When it comes to surface adhesion though the masonry paint again excels, it has stuck brilliantly and even when attacked quite aggressively with a piece of rough saw wood there was no chipping or flaking.
Masonry Paint on Fencing Timber – Tested
So we move on to fencing timber. This rough sawn timber is commonly used in fencing and could be a great application for masonry paint. After all, we commonly paint fences not only for the nicer appearance but also to prolong the life of the wood, lets’s see how the paint got on.
The masonry paint has actually covered really well here in just two coats, better than a lot of the other wood types.
Adhesion was once again excellent, with no problems here at all.
Masonry Paint on Chipboard – Tested
So we have reached the final wood type, chipboard. Chipboard is commonly used as flooring in newer houses and in lofts. But can you paint it with masonry paint?
The paint went on really well again and covered the wood well. The non-primed sample probably requires another coat to be perfect.
As far as adhesion goes both samples were great. You can see a chip on the right-hand sample bit this is where a piece of dirt which had been painted over was knocked off, so my fault rather than the paint
So for the next section of our test, I will move all these samples outside into the elements. I will check on them periodically and update you on how they have survived, so keep checking back!
6 Months Outdoors
So the wood samples have been sitting outside now, fully exposed to the elements, for around six months. I think it’s time to take a look at them all and give you guys an update.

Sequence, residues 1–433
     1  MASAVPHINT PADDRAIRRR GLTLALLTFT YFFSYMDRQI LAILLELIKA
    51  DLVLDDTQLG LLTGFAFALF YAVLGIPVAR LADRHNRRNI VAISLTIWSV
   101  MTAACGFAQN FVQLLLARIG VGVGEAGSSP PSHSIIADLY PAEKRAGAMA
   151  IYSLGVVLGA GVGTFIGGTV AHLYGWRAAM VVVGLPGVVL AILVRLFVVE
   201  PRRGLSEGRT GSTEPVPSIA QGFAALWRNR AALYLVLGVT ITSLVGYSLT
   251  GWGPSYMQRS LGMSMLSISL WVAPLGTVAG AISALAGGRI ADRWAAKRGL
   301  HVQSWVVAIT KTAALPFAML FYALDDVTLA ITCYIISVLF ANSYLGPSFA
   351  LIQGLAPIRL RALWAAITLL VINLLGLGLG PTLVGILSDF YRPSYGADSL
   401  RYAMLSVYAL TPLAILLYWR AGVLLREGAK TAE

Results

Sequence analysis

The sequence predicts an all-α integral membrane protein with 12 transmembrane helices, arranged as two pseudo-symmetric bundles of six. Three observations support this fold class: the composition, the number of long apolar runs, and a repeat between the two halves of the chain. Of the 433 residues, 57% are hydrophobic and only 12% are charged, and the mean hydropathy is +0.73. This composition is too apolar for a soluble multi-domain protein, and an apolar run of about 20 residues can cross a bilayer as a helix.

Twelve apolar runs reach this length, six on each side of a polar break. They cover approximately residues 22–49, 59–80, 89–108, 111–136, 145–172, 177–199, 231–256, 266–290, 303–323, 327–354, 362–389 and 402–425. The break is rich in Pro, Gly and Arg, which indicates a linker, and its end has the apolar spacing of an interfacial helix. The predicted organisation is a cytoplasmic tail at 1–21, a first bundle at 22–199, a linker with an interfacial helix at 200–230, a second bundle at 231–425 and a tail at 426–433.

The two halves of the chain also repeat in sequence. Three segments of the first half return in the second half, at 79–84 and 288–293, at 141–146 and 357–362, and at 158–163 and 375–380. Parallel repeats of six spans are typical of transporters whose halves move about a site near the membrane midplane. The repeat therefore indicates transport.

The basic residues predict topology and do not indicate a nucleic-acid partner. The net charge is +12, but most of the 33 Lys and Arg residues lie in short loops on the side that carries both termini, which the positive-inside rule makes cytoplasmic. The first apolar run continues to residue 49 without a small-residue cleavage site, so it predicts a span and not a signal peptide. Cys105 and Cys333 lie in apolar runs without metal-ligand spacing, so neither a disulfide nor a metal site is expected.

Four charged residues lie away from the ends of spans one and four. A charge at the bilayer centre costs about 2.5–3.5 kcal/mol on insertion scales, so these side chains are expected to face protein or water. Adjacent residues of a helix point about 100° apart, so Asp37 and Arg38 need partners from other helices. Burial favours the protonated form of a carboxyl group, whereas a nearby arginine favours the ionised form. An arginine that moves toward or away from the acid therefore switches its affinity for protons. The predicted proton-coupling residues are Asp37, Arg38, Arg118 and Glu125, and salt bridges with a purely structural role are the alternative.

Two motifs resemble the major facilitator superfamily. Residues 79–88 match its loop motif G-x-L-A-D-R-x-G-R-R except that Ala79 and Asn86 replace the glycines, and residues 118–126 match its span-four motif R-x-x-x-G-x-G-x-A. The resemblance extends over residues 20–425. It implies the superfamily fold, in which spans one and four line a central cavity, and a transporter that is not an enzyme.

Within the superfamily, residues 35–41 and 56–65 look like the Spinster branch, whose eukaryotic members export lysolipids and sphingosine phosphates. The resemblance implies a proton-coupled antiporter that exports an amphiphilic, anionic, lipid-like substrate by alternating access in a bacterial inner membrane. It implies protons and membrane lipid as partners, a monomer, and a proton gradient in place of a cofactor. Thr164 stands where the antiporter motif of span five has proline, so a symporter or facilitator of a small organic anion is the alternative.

So here are all the samples, looking pretty good. But let’s have a closer look at them all one by one as there are a few interesting things going on.
The pine has held up really well so far and there is no visible difference between the primed and unprimed pine.
So far so good, it looks like masonry paint will protect pine that is left outside.
Again, very much like before. The MDF has held up brilliantly, both the primed and un-primed still looking as good as new.
Another one that is holding up perfectly and with no difference that I can see between the two samples.
Like all of the other woods so far the masonry paint has done a great job of protecting this fencing timber.
Now we finally have something to talk about. The chipboard has swelled quite a bit and gone lumpy. This obviously means water has been getting in somewhere.
You can also clearly see that the primed one has fared a lot better so far. So just adding that extra layer of paint has helped to seal it. Although it has still gone a little lump, but still nowhere near as bad as the sample without primer.